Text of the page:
Early History of Terrestrial Planets
Early History of Terrestrial Planets GEOL 101 001
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GEOL 101 001
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This 4 page Class Notes was uploaded by Madeline Wilson on Thursday February 25, 2016. The Class Notes belongs to GEOL 101 001 at University of South Carolina taught by Dr. Knapp in Spring 2016. Since its upload, it has received 18 views. For similar materials see Introduction to the Earth in Geology at University of South Carolina.
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Date Created: 02/25/16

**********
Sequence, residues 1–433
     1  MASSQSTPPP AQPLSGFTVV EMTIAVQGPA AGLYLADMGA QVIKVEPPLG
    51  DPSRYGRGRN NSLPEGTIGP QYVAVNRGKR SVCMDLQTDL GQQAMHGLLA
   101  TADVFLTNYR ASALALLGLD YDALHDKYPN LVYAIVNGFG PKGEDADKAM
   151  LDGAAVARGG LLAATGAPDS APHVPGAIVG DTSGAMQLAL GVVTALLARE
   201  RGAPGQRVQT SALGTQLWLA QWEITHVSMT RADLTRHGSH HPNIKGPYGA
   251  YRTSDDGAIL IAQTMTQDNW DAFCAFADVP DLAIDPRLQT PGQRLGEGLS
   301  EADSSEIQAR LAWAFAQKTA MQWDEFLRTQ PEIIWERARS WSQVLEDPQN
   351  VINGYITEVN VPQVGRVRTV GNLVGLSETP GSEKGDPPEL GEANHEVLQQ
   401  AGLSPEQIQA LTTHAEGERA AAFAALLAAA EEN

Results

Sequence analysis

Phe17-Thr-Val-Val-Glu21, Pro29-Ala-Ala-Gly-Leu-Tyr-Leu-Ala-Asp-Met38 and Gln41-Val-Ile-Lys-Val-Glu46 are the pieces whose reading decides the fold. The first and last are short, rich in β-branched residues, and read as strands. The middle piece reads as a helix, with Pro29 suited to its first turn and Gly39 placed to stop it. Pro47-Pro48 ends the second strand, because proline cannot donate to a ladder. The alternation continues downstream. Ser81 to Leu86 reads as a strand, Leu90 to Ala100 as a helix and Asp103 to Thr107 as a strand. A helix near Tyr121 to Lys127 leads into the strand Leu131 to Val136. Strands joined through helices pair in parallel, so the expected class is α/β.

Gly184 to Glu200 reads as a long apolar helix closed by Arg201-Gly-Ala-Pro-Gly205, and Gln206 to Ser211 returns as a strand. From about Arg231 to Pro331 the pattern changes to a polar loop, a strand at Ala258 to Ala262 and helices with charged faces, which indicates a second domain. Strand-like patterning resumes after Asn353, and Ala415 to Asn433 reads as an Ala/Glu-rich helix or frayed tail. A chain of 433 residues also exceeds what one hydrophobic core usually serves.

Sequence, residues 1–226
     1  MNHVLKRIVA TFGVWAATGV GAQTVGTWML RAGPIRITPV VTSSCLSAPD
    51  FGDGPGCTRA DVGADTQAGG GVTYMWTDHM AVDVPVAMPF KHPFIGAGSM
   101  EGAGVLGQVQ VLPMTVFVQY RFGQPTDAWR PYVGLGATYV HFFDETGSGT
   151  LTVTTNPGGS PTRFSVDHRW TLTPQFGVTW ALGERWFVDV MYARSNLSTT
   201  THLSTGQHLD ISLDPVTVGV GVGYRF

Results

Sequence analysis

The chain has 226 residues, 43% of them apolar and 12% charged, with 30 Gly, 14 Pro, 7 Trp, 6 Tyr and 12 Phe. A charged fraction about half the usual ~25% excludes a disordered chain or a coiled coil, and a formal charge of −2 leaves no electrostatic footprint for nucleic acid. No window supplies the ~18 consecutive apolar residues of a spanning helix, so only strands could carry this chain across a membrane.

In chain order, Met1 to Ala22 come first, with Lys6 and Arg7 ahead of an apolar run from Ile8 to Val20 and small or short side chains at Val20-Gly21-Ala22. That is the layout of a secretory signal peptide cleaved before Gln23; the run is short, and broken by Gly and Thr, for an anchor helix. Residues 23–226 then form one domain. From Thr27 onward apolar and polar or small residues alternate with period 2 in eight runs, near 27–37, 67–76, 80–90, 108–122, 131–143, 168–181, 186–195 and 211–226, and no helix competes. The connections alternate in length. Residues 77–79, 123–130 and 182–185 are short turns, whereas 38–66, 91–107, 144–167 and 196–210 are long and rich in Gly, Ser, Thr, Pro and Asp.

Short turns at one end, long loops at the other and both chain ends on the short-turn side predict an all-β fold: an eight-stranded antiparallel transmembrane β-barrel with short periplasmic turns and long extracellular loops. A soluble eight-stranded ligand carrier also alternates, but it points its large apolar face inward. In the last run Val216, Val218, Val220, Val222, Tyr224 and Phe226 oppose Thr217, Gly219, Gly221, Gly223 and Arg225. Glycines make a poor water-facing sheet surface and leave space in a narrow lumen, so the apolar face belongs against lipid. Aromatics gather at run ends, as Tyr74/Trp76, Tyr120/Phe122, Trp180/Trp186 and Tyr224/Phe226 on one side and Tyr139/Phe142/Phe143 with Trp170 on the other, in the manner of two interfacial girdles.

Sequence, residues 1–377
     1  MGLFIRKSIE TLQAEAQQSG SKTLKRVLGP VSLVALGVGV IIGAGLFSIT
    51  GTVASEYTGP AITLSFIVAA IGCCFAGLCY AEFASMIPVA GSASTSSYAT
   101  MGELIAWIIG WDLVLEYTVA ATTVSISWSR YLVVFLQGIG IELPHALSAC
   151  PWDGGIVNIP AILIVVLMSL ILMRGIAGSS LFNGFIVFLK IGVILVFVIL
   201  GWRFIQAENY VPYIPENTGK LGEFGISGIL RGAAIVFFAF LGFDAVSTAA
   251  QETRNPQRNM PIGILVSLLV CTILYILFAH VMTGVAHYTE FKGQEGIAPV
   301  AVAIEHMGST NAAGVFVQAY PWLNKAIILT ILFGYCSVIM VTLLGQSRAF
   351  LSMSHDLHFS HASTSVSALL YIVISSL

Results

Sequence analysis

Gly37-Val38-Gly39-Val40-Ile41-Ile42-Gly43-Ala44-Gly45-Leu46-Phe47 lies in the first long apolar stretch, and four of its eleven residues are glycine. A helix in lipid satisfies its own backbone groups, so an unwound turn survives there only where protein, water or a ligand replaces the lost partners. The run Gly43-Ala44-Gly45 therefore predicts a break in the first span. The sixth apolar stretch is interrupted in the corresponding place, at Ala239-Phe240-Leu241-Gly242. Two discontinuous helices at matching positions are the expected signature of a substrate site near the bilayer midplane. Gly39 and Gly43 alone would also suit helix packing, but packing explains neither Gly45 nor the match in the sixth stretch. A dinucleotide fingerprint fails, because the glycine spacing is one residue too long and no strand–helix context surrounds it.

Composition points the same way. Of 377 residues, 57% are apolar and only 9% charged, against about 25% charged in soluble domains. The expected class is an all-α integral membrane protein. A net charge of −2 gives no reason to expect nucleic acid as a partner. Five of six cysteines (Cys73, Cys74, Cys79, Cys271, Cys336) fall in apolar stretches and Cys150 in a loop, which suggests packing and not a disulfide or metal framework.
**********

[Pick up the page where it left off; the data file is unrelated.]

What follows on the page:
Early History of Terrestrial Planets Eons are the largest division of geologic time Nuclear Fusion is the process in which hydrogen atoms combine to form helium under intense pressure and high temperature Nuclear Fusion vs. Fission Nuclear fission is the splitting of an atom into two or more smaller ones Nuclear fusion is the fusing of two or more smaller atoms into a larger one Fusion occurs in stars, such as the sun, whereas fission reaction does not normally occur in nature Origin of Solar System The universe is thought to have begun about 14 billion years ago – “Big Bang Theory”, primeval cosmic explosion Since then, the universe has expanded to form the galaxies, stars, and planets The best existing explanation for the known observations and physical laws The Nebular Hypothesis A diffuse, roughly spherical, slowly rotating nebula begins to contract Formation of the Sun – Solar Nebula Due to gravity, the mass started to drift toward the center, creating the proto-sun Compressed under its own weight, the material in the proto-sun became dense and hot The internal temperature of the proto-sun rose to millions of degrees, at which point nuclear fusion began This nuclear fusion continues today, and it is similar with the nuclear reaction that occurs in the nuclear bomb Planetesimals Once formed, the disk started to cool, and many of the gasses condensed Planetesimals – any of numerous small solid celestial bodies that may have existed at an early stage of the development of the solar system Planetesimals grew by colliding with each other to planets such as the earth The Nebular Hypothesis (at the basis of Solar System formation) A large gas and dust cloud (nebula) begins to condense Gas mostly (H, He) Most of the mass is in the center Contraction of cloud due to gravity Small chunks grow and collide forming larger aggregates The Solar System Planets Inner planets began to accrete about 4.56 bya They grew to the planetary size in less than 100 million years The inner planets are mostly formed of rocks and metals The outer larger planets (giant planets) are made up primarily of ice and gasses, although they have an iron core No two planets are the same The definition of “planet” In the solar system a planet is a celestial body that 1. Is in orbit around the sun 2. Has sufficient mass so that is assumes hydrostatic equilibrium (nearly round) shape 3. Has “cleared the neighborhood” around its orbit If only two of the condition above are met, the status is of a “dwarf planet” Formation of the moon (about 4.5 billion years ago) ~4.5 bya, a mars-sized body impacted the earth, and the giant impact quickly propelled a shower of debris from both the impacter and the earth into space The impact sped up the earth’s rotation and tilted the earth’s orbital plane 23 degrees Earth reformed as a largely molten body, and the moon aggregated from the debris Moon rocks ~4.47 bya The Early Earth Heats Up Accretion of meter-sized bodies Collisions: transfer of kinetic energy into heat Compression under gravitational attraction Radioactive elements (e.g. uranium, potassium, or thorium) continue to keep the interior of the earth hot Chemical Differentiation Continents: solidified magma that floated up from the mantle Oceans and atmosphere: fluid outer later derived from volatile transfer gases from the interior (and perhaps from comets) Even today, trapped remnants of the original solar nebula continue to be emitted as primitive gases in volcanic eruptions Volatile transfer Photosynthesis by microorganisms removed carbon dioxide and added oxygen to the primitive atmosphere Inner planets Mercury – very hot/cold, many craters, thin He atmosphere Venus – very hot, covered by lava flows, thick acid atmosphere Earth – usually pretty nice, lots of water, nitrogen-oxygen atmosphere Mars – cold, many craters and dry river valleys, thin carbon-dioxide atmosphere Moon Earth’s moon – cold, many craters (shows evidence of period of heavy bombardment by asteroids), no atmosphere Outer planets Gaseous bodies made mainly of hydrogen and helium 1. Jupiter 2. Saturn 3. Uranus 4. Neptune Age and complextion of planetary surfaces Earth 1. Core-mantle separation (4400 mya) 2. Liquid oceans form (4000 mya) 3. End of heavy bombardment (3900 mya) Impact craters on earth? 1. Found on continents 2. Rare structures formed by meteorite or asteroid impacts Moon 1. Formation of highlands (4400 to 4000 mya) 2. Formation of lunar maria (4000 to 3200 mya) Mercury 1. Impacts and lava flows 2. Cooling and contraction Venus 1. Flake tectonics 2. Extensive lava flows (oldest surface 500 mya) Mars 1. Formation of ancient cratered terrains (3900 to 3800 mya) 2. Period of water flows (3900 to 3500 mya) Mercury Fault scarp produced by cooling and contraction of mercury Mariner 10 (1974) the first spacecraft to visit mercury and flew by it “Messenger” mission to mercury (2011) New evidence for flood volcanism First close-up views of mercury’s “hollows” First direct measurements of the chemical composition of mercury’s surface The first global inventory of plasma ions within mercury’s space environment
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